CO2 geological storage is about pumping a reactive fluid underground and ensuring it doesn't find a way back to the atmosphere for a very long time - possibly centuries. Potable aquifers and other permeable formations (e.g. hydrocarbon deposits) must also be protected against CO2 contamination.
Wells are generally recognized as a weak spot in CO2 storage, where containment can break down. This is because cement, steel and elastomers can be corroded by CO2, and the ageing process will be accelerated by any defects in the cement sheath.
It is therefore of critical importance to understand and characterize fluids and solids across the caprock. This has the triple aim of: verifying the soundness of the complex cementing engineering process, evaluating the capacity of cement to provide short-term zonal isolation, and providing measures that can be used to predict the evolution of cement and casing over the long term.
This paper will focus on an in-depth evaluation of the annular material on the Otway CRC-1 well that is being used to inject CO2 in the CO2CRC pilot geological storage project. The evaluation will draw on the design and job data, and on a detailed analysis of the high-resolution 3D cement imaging log to characterize the cement and ensure the long-term risk of containment breach is minimized.
The essentially unpredictable nature of fault-free risk - i.e. the unplanned events in a job otherwise designed and executed to the highest standards - always requires a number of mitigation measures to minimize the residual risk of CO2 leaks. This paper will show that the adoption of a number of them on Otway (e.g. excess volumes and CO2-resistant cement system) have been essential in achieving the containment objectives.
Cement slurries are exposed to a number of phenomena during mixing and placement that can lead to set cement properties that are very different from their design value. Density control problems (both for continuous and batch mixing), contamination, channeling and fluid loss can and do cause slurry dilution/concentration and chemical incompatibility, which in turn can have a major negative effect on the capacity of cement to guarantee hydraulic isolation and can even lead to premature gelling during placement and early job termination.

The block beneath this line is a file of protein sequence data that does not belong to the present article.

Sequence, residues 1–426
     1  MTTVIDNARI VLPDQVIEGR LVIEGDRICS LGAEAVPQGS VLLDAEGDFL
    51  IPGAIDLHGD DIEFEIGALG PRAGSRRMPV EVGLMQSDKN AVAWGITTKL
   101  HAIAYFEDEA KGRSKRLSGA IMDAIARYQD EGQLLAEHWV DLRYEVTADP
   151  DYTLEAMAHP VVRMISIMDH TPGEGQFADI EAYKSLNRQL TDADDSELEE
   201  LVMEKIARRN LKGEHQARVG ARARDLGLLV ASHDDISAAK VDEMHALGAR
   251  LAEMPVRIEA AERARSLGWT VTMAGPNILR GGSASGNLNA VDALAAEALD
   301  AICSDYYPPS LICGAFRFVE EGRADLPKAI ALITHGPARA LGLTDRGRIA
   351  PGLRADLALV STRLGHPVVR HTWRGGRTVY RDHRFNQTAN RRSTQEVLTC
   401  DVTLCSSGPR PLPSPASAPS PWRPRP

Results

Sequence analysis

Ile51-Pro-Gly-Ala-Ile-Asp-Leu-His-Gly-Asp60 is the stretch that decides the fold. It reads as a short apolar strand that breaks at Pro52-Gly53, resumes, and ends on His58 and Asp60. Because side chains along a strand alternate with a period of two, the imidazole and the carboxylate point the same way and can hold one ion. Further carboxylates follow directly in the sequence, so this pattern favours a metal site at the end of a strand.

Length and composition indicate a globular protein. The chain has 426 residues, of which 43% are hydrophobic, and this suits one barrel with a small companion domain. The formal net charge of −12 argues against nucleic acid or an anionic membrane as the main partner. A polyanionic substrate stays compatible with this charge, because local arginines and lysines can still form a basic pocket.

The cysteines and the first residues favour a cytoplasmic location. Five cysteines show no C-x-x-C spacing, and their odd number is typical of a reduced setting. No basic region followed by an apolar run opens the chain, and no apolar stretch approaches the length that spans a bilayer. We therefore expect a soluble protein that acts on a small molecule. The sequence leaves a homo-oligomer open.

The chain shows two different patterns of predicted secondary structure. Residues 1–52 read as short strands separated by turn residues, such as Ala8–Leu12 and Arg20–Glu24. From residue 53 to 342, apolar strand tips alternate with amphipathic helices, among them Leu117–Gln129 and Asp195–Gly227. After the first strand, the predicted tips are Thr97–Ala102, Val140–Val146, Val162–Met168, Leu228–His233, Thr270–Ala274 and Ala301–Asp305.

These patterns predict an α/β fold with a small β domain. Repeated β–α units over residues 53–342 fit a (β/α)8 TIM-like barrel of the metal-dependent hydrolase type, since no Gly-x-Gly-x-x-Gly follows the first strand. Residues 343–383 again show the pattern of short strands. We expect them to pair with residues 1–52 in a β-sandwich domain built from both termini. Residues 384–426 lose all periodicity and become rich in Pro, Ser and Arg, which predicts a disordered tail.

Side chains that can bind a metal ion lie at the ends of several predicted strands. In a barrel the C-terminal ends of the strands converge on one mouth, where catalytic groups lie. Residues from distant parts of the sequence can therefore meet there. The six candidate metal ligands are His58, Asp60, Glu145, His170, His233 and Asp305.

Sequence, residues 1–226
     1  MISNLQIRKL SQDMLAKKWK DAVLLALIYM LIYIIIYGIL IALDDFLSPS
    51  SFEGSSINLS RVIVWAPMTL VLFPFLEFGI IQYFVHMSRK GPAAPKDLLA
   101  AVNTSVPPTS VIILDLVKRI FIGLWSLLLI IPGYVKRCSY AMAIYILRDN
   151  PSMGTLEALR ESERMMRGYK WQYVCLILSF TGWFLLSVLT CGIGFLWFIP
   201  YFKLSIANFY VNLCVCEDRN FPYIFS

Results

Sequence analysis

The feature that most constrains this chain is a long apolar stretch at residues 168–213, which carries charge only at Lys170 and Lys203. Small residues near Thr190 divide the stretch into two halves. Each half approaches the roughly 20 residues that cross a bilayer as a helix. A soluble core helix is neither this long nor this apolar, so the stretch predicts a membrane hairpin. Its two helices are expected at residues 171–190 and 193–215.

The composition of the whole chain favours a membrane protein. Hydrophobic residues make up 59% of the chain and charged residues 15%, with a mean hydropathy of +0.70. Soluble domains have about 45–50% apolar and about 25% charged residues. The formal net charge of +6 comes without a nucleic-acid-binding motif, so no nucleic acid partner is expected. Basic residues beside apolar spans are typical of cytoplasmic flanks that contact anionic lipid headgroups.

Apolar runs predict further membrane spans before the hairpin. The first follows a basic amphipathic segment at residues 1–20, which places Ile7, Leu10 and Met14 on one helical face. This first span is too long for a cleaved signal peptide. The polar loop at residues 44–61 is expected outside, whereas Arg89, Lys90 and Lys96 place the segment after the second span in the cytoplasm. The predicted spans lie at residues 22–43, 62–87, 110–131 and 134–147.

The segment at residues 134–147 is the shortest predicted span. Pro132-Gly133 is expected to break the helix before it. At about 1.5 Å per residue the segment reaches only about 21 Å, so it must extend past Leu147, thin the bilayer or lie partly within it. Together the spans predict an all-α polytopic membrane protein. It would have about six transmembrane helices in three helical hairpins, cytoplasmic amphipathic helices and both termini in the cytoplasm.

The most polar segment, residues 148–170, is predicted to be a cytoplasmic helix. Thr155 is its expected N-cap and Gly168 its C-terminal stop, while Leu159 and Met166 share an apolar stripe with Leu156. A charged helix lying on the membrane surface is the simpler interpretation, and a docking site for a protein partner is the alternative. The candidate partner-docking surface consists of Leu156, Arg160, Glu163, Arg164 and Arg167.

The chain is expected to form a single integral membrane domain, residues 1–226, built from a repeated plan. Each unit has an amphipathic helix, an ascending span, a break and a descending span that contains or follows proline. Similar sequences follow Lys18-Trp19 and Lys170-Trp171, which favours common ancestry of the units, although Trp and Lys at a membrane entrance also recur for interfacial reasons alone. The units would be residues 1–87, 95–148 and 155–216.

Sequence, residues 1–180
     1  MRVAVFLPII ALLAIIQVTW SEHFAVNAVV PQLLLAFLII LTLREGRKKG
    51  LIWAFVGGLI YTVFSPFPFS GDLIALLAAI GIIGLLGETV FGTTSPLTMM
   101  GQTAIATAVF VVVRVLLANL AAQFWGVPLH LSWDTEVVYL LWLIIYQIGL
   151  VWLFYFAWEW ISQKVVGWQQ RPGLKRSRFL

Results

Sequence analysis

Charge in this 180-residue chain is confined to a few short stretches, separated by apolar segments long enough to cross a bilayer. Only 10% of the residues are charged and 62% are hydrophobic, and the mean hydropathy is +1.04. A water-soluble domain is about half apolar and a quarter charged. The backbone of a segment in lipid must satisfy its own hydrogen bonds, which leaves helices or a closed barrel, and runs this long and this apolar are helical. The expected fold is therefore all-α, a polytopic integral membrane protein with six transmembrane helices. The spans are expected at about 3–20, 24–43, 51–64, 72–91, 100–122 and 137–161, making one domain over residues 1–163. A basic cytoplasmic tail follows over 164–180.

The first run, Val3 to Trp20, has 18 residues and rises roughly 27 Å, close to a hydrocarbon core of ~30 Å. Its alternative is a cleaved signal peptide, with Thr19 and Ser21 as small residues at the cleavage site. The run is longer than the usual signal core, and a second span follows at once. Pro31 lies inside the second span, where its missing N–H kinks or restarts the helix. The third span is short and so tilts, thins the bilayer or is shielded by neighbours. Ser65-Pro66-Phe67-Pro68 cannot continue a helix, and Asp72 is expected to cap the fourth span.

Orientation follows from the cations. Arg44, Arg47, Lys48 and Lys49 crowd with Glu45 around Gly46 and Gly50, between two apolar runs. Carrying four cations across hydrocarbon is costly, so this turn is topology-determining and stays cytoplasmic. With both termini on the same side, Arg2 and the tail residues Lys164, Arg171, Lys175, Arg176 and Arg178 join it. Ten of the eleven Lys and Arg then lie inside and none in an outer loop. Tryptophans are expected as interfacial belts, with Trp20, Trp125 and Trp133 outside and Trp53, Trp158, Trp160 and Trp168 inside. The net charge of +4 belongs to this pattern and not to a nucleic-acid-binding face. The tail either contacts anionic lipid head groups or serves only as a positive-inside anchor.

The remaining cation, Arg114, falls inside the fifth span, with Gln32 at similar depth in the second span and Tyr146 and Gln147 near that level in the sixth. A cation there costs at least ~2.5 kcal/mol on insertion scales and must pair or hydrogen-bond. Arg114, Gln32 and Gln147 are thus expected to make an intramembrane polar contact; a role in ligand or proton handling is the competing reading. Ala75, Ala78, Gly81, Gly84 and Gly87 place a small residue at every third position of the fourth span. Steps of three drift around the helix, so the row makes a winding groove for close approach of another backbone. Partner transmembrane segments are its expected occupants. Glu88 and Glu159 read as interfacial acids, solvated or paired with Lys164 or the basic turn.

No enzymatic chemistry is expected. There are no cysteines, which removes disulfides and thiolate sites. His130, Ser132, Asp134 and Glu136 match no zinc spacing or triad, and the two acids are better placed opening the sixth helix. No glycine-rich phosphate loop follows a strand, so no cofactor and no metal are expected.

It is currently hotly debated whether ten or more meters of competent cement, well bonded to casing and formation would degrade during the expected isolation timeframe for CO2 geological sequestration wells (1,000's to 10,000 years). This is because competent cement, although reactive if exposed to CO2, has a very low permeability of the order of 0.5 to 5 µD; this low permeability means that most CO2 will travel by diffusion, a very slow process over the length scale of a meter. Cement with a high w/c ratio, however, could have a much higher permeability, less resistance to CO2 aggression and more frequent defects related to slurry settling. Defects such as liquid channels in cement can even provide direct pathways for CO2 leaks that couldn't possibly be healed by calcite precipitation during the CO2 attack.
Some of the phenomena listed above can be predicted, but cannot easily be controlled; others (such as fluid loss) can hardly be predicted at all. In any case they belong to the class of fault-free risk, sometimes called residual risk: events causing sub-standard system performance that cannot be engineered away and that may happen even when job is perfectly executed. Mitigation measures must be adopted in this case to ensure a robust design. This is especially true for wells entering CO2 storage reservoirs, where storage containment is a key performance factor and CO2-cement reactions may cause leaks to grow over time.